- Feelings of isolation, loneliness, stress, anxiety, amotivation, and depressed mood are just some of the emotional struggles that your child may experience during this challenging time. All of these aforementioned feelings and experiences can compromise their ability to meet their academic demands. Should you feel that any such emotional struggles are interfering with your child’s academic performance or general well-being, I highly encourage you to seek out the guidance and support of Amanda Miller (email@example.com), Director of Mental Health and Wellness, as she is available remotely to all students and parents and is a wonderfully supportive resource to all.
Be Mindful of How You Interact with Your Teen
- It is important to recognize your child for being on task and getting their work done. They might not show it, but they undoubtedly appreciate recognition for their efforts! That being said, praise the effort, not the grade.
- Refrain from micromanaging and taking over for them (this can be tough!).
- Avoid shaming statements or catastrophizing outcomes. Your child is likely overwhelmed. And, you, in turn, may be overwhelmed. In such situations, it can be reflexive to catastrophize and lash out, yell, or shame as a last-ditch effort to get your child to accomplish what they need to. Know that the frustrations and anxiety that underlie such parental responses are totally understandable. But, be aware of those feelings and try to manage these negative emotions, and resist the urge to respond negatively. Again, don’t hesitate to reach out to Amanda Miller if you’d like some support or guidance in this area.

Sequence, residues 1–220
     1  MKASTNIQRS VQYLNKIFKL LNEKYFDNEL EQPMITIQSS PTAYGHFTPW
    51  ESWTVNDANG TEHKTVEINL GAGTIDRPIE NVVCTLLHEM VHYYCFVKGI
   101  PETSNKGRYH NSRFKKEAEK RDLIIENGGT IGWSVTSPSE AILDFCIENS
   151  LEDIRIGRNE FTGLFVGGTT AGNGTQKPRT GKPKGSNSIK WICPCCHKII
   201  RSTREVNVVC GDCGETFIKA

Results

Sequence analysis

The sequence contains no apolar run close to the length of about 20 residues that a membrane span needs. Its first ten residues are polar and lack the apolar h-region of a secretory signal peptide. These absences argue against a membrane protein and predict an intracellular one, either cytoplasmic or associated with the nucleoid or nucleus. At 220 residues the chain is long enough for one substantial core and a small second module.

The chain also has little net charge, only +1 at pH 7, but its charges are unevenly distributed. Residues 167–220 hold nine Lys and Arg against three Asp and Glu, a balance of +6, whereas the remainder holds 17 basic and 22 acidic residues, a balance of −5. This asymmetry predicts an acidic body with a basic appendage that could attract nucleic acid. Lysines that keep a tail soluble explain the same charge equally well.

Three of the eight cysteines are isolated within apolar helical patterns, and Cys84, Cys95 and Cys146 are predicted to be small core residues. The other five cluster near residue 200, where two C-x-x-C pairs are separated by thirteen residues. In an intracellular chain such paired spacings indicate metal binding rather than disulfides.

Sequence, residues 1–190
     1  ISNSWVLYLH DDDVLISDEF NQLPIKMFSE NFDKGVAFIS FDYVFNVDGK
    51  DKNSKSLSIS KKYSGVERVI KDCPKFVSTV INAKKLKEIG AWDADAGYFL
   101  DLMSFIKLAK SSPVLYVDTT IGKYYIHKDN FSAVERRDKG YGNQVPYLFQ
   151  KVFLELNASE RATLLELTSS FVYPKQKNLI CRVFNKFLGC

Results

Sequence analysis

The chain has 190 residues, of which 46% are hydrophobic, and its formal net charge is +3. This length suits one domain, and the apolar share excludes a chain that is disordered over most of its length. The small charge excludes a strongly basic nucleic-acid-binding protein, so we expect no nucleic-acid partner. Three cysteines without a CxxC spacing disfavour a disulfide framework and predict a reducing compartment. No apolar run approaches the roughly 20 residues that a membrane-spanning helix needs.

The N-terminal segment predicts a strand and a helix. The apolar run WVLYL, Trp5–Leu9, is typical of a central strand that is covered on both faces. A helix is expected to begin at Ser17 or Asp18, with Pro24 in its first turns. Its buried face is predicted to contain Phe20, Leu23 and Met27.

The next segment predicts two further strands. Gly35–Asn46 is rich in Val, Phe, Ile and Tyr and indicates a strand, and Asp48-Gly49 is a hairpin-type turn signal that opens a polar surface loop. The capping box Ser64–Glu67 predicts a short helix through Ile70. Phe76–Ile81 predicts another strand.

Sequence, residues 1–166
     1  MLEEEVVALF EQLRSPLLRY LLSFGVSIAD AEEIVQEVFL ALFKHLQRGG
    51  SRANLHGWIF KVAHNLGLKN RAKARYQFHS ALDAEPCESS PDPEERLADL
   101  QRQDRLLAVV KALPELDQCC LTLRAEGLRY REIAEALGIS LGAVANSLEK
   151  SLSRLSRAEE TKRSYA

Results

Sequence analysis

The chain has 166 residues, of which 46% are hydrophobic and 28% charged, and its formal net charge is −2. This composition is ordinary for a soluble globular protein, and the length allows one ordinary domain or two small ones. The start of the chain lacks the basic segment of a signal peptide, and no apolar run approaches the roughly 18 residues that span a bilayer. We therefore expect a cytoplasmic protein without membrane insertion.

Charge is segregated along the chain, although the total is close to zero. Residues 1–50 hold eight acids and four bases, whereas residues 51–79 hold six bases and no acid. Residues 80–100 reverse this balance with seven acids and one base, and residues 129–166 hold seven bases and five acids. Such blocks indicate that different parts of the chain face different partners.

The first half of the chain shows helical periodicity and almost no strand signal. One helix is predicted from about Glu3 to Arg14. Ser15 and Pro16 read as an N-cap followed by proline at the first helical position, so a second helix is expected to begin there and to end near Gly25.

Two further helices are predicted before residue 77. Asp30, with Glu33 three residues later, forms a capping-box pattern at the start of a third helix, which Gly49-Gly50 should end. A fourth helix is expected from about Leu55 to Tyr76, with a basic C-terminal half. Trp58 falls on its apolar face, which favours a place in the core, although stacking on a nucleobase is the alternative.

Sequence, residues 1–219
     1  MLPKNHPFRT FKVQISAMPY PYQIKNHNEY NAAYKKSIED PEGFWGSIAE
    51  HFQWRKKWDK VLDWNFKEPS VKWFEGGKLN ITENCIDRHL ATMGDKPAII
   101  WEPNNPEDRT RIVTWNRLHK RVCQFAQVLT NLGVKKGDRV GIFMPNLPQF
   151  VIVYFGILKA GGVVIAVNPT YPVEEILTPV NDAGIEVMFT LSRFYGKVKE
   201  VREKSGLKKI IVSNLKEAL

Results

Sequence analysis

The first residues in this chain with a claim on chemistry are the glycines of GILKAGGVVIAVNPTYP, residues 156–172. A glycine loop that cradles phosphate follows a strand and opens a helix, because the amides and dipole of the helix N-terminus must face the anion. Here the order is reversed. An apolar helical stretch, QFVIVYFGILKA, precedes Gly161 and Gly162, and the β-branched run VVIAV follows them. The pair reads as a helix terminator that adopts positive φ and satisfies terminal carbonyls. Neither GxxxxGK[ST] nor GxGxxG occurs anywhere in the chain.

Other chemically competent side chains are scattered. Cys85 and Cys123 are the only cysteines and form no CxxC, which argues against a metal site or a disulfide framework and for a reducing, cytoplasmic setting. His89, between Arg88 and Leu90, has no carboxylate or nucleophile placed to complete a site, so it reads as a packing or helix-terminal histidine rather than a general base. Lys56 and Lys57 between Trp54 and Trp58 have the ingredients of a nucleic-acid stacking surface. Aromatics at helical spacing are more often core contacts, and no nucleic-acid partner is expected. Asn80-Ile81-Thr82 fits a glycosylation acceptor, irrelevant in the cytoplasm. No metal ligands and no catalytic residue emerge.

- Check-in regularly and routinely regarding your child’s work goals, progress, and struggles. Provide supportive prompts and encouragement. Parents often assume that teens should be left to figure things out on their own. It is important to note that there is a happy medium between micromanaging teens and providing complete independence. While complete independence is the goal to aspire to as they progress through their adolescence and into adulthood, many teens in high school will continue to require some degree of adult oversight and support to ensure that they are on track, organized, and engaged. This can be a point of contention, to say the very least, as many teens go to great lengths to keep their parents at arm’s length (which is, to some extent, a very normative adolescent phenomenon!). That being said, I suggest the following as a conversation launching point:
- Express an interest in what your child is working on in each of their subjects.
- Ask your child to share with you their advisor coursework chart or AGC Distance Learning Chart highlighting coursework that is due in each class.
- Have a conversation about the benefits of establishing daily work goals.
- Have a conversation about what struggles your child is experiencing. Help them by troubleshooting possible solutions to their struggles (encouraging them to reach out to their advisor and/or AGC team for additional help is always a good suggestion!).